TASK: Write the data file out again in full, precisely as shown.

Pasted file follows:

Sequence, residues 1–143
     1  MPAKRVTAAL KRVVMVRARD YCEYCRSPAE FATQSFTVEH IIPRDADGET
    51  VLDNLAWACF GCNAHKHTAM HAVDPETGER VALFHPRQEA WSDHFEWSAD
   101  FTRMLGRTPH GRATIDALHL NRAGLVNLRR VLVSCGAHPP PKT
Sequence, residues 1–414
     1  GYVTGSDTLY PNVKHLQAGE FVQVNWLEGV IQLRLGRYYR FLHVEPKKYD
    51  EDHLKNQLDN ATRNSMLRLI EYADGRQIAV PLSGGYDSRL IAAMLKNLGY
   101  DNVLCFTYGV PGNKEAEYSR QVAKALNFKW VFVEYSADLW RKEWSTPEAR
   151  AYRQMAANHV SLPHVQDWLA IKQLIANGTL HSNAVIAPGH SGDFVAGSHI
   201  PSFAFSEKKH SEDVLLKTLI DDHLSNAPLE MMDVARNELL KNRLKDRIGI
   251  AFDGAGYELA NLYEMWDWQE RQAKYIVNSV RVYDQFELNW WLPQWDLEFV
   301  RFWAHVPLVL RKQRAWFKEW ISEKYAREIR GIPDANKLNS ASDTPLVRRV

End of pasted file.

Sequence, residues 1–143
     1  MPAKRVTAAL KRVVMVRARD YCEYCRSPAE FATQSFTVEH IIPRDADGET
    51  VLDNLAWACF GCNAHKHTAM HAVDPETGER VALFHPRQEA WSDHFEWSAD
   101  FTRMLGRTPH GRATIDALHL NRAGLVNLRR VLVSCGAHPP PKT
Sequence, residues 1–414
     1  GYVTGSDTLY PNVKHLQAGE FVQVNWLEGV IQLRLGRYYR FLHVEPKKYD
    51  EDHLKNQLDN ATRNSMLRLI EYADGRQIAV PLSGGYDSRL IAAMLKNLGY
   101  DNVLCFTYGV PGNKEAEYSR QVAKALNFKW VFVEYSADLW RKEWSTPEAR
   151  AYRQMAANHV SLPHVQDWLA IKQLIANGTL HSNAVIAPGH SGDFVAGSHI
   201  PSFAFSEKKH SEDVLLKTLI DDHLSNAPLE MMDVARNELL KNRLKDRIGI
   251  AFDGAGYELA NLYEMWDWQE RQAKYIVNSV RVYDQFELNW WLPQWDLEFV
   301  RFWAHVPLVL RKQRAWFKEW ISEKYAREIR GIPDANKLNS ASDTPLVRRV